Clemastine / phenylpropanolamine Pregnancy and Breastfeeding Warnings
Clemastine / phenylpropanolamine is also known as: Allerhist-D, Dayhist-D, Tavist-D
Clemastine / phenylpropanolamine Pregnancy Warnings
Among Michigan Medicaid recipients, 1617 exposures to clemastine were reported the first trimester. Birth defects were observed in 71 infants (68 expected) and included 13 cardiovascular defects, 3 oral clefts, 3 spina bifida, 4 polydactyly, 4 hypospadias, and 5 limb reductions. No evidence was found to suggest a relationship to large categories of malformations, expect possibly limb reductions. (F. Rosa, personal communications, FDA, 1994) A review of prenatal drug use in 3026 women with premature infants demonstrated an increased risk of retrolental fibroplasia with antihistamine use during the last two weeks of pregnancy. The dosage used or the particular antihistamine was not specified. The incidence of retrolental fibroplasia in premature infants exposed in utero to antihistamine during this time was 21% compared to 11% in premature infants not exposed. In a review of deliveries to Michigan Medicaid patients during 1980 to 1983, 1489 exposures to phenylpropanolamine anytime during pregnancy were recorded. A total of 128 birth defects were reported (91 expected). An association was seen between phenylpropanolamine and laryngotracheal anomalies, pyloric stenosis, intestinal fixation anomalies, upper limb defects, skull/face anomalies, and musculoskeletal defects. The statistical significance of these associations is not known. (written communication, Franz Rosa, MD, Food and Drug Administration, 1994) The Collaborative Perinatal Project monitored 50,282 mother-child pairs and recorded 726 first-trimester exposures and 2489 exposures to phenylpropanolamine anytime during pregnancy. Possible associations between phenylpropanolamine and first trimester use include hypospadias (4), eye and ear (7, statistically significant), polydactyly (6), cataract (3), and pectus excavatum (7). For use anytime during pregnancy a possible association was noted between phenylpropanolamine use and congenital dislocation of hip (12).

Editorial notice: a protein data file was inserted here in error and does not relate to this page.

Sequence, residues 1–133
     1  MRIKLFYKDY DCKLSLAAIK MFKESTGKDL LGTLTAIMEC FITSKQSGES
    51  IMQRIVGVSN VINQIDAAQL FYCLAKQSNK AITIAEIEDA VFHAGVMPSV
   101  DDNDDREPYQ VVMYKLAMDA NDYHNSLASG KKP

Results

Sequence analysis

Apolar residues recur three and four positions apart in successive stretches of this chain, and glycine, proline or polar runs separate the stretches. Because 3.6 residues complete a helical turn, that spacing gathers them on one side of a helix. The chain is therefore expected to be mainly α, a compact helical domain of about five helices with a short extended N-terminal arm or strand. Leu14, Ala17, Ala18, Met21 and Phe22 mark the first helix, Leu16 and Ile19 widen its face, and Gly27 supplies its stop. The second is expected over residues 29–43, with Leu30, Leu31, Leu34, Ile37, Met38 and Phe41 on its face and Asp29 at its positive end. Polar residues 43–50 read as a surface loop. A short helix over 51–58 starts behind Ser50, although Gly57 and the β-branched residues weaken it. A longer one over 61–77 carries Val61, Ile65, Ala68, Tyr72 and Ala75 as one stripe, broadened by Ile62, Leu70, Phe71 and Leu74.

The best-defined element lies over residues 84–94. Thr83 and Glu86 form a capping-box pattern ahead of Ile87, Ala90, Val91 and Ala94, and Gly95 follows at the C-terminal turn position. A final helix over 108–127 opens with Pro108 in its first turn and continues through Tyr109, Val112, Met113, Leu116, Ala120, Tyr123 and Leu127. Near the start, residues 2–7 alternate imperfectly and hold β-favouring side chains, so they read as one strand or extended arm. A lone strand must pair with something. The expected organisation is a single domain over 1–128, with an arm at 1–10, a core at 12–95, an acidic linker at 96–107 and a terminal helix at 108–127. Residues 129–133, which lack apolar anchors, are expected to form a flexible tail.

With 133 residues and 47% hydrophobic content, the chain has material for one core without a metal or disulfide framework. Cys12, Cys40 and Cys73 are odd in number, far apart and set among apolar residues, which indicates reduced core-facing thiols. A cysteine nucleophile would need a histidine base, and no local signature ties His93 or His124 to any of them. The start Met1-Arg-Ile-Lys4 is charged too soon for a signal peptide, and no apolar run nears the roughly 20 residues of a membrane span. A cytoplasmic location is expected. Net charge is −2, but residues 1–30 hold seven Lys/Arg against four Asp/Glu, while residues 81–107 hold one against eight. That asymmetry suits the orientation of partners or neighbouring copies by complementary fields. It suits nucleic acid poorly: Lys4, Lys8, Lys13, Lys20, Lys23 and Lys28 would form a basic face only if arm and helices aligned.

Clemastine has been assigned to pregnancy category B by the FDA and phenylpropanolamine has not been formally assigned to a pregnancy category. There are no controlled data in human pregnancy for either of these agents. Clemastine-phenylpropanolamine is only recommended for use during pregnancy when benefit outweighs risk.
Clemastine / phenylpropanolamine Breastfeeding Warnings
Clemastine is excreted into breast milk. One breast-fed infant developed drowsiness, irritability, refusal to feed, neck stiffness, and a high-pitched cry 12 hours after her mother began clemastine therapy, 1 mg twice daily. The mother was also receiving carbamazepine and phenytoin. The infant returned to normal after clemastine was discontinued. Twenty hours after a dose of clemastine, the mother's serum and breast milk concentrations were 20 mcg/mL and 5 to 10 mcg/mL, respectively. The American Academy of Pediatrics recommends that clemastine be used with caution during breast-feeding. There are no data on the excretion of phenylpropanolamine into human milk. The manufacturer recommends that due to the potential adverse reactions in nursing infants, a decision should be made to discontinue nursing or discontinue the drug, taking into account the importance of the drug to the mother.
References for pregnancy information
- Zierler S, Purohit D "Prenatal antihistamine exposure and retrolental fibroplasia." Am J Epidemiol 123 (1986): 192-6
- "Product Information. Tavist-D (phenylpropanolamine-clemastine)." Sandoz Pharmaceuticals Corporation, East Hanover, NJ.
- Heinonen O, Slone D, Shapiro S; Kaufman DW ed. "Birth Defects and Drugs in Pregnancy." Littleton, MA: Publishing Sciences Group, Inc. (1977): 297
References for breastfeeding information
- Kok TH, Taitz LS, Bennett MJ, Holt DW "Drowsiness due to clemastine transmitted in breast milk ." Lancet 1 (1982): 914-5
- Committee on Drugs, 1992 to 1993 "The transfer of drugs and other chemicals into human milk." Pediatrics 93 (1994): 137-50